But here's the thing: While Democrats' white and minority supporters are united on the issue of immigration (or at least not hopelessly divided), the GOP's are not. This means that the more Republicans question and condemn Clinton's support for "amnesty," the more they'll dig themselves in a hole with Latinos and make her more popular. On the other hand, it they stay mute—which is what most of them have done (with the exception of Lindsey Graham)—they'll risk alienating the anti-amnesty white base that they have spent the last decade riling up.
In other words, if Republicans fight Hillary's call for amnesty, they'll lose Latinos, which will benefit Hillary. But if they don't, they'll lose whites, which will also benefit Hillary.
The dilemma is particularly acute for Jeb Bush, whose broad support for immigration (along with his Mexican-American wife and Spanish fluency) has made him perhaps the best-placed Republican to do well among Latinos. Yet even he doesn't come anywhere close to the 45 percent mark yet. He has been rather equivocal in his support for a path to citizenship and has been assuring GOP voters that whatever course he charts for the undocumented, it will require them to jump through all kinds of hoops, such as paying fines and passing English tests and possibly "touching back" to their home country. Still, a recent Bloomberg poll found that 41 percent of likely Republican voters in New Hampshire, far from the most restrictionist state in the country, considered his immigration views a "deal-killer."
By positioning herself as even more pro-immigration than the most pro-immigration GOP candidate—and potentially picking as her running mate Julian Castro, secretary of Housing and Urban Development and the former mayor of San Antonio who is wildly popular with Latinos—she will basically lock up the Latino vote. This will mean that the Republican nominee, even Jeb Bush, would have to go whole-hog for the white vote by hardening his or her opposition to amnesty and immigration, further cementing the GOP's reputation as the anti-minority, white man's party.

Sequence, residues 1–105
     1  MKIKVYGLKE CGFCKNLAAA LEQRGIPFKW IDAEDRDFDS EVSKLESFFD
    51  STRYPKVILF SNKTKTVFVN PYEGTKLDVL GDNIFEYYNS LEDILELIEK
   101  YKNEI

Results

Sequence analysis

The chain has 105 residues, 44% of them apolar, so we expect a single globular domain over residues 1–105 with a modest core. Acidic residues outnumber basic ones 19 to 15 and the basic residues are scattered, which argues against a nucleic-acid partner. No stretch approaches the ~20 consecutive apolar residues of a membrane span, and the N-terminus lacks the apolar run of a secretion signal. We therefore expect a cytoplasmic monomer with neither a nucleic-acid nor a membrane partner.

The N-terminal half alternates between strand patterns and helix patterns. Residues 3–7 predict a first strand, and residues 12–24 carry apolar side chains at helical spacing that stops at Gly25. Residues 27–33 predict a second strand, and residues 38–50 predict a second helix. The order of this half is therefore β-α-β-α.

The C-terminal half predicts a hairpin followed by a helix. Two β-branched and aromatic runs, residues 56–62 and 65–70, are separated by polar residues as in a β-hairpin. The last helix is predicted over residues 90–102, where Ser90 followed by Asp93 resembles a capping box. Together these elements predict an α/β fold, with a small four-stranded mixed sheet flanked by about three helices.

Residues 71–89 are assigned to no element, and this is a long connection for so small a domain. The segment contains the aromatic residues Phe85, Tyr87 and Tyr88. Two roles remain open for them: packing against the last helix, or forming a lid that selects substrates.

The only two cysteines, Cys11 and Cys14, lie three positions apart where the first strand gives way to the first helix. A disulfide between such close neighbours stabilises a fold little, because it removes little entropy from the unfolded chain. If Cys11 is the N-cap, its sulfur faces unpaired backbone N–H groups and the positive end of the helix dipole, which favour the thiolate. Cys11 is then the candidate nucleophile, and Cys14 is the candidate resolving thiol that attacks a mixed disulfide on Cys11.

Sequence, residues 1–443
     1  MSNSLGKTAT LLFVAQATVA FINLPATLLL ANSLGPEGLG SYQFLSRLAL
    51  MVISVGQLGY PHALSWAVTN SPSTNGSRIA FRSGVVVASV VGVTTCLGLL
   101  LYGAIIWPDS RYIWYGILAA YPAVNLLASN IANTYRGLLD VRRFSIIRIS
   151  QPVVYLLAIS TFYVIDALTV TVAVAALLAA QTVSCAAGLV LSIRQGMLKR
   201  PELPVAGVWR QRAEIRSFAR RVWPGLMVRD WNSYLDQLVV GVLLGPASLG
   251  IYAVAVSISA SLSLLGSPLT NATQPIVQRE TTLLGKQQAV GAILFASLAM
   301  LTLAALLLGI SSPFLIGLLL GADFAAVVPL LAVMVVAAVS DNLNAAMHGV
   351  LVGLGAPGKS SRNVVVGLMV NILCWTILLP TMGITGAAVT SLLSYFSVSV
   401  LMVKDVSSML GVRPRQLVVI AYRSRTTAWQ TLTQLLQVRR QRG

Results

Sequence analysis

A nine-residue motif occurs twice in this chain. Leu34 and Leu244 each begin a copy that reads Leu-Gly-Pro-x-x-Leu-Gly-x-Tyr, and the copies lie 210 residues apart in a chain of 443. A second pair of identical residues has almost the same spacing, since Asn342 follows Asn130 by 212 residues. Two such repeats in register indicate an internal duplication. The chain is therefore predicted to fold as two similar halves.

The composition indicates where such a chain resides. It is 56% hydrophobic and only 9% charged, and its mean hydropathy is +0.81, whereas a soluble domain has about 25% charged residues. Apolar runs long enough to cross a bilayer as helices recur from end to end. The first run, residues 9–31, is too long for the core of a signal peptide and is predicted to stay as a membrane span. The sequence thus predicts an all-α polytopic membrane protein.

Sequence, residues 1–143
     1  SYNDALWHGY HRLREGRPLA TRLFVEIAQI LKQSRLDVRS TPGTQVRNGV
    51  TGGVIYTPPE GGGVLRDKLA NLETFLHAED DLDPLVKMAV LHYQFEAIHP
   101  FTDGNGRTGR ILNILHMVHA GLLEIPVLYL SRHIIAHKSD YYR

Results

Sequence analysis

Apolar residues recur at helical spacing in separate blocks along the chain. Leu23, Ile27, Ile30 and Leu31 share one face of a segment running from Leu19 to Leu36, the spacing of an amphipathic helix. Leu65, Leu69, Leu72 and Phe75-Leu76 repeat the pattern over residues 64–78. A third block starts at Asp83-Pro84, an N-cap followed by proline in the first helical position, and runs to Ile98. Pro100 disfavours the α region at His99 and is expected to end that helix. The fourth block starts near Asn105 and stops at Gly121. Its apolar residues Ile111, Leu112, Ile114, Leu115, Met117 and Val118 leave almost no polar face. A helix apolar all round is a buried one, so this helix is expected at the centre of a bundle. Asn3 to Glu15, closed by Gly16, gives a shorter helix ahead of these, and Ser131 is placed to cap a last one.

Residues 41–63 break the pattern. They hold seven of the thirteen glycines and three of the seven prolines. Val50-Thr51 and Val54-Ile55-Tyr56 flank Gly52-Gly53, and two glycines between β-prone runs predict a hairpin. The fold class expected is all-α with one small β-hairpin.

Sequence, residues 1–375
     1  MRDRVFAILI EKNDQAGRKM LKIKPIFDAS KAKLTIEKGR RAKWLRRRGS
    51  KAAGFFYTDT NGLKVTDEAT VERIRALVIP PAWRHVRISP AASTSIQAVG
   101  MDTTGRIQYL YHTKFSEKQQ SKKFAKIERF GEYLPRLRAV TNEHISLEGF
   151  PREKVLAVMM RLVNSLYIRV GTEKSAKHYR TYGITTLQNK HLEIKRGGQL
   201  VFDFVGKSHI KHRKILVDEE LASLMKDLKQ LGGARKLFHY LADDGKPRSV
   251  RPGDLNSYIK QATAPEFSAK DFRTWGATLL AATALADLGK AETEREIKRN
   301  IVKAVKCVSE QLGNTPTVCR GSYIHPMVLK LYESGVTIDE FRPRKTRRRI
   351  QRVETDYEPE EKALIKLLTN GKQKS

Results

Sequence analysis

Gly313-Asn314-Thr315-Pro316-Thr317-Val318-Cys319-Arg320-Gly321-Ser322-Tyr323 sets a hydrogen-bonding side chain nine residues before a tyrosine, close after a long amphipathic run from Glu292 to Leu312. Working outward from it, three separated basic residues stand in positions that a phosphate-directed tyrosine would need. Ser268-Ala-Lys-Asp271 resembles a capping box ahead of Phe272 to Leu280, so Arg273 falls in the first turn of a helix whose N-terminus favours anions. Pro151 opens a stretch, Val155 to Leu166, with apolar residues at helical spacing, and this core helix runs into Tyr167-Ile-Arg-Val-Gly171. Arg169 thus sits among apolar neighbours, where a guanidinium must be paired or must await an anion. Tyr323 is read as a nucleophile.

Some pundits pooh-pooh this problem, noting that like all voters, Latinos list jobs and the economy as their top concerns, not immigration. That's true. But, also like all voters, Latinos won't put their economic faith in someone they don't trust politically. They will have much more confidence in Clinton solving those problems, not because they necessarily buy into her liberal tax-and-spend plans, but because they have more confidence in her personally, thanks to her appeal for them on immigration issues.
What's more, life will get only more miserable for Republicans once Clinton enters the White House and makes comprehensive immigration reform her signature issue. That's because if Republicans go along with her plans to extend full-fledged amnesty, they will basically be handing her a whole new block of Democratic voters. But if they don't, Democrats will be able to milk this issue in subsequent elections, when the electorate is even more Latino.
Regardless of where one stands on the merits of the issue, the political reality is this: Republicans' harsh anti-immigration rhetoric has left them no good options. They have created their own vulnerability. And Hillary Clinton has just zeroed in on it.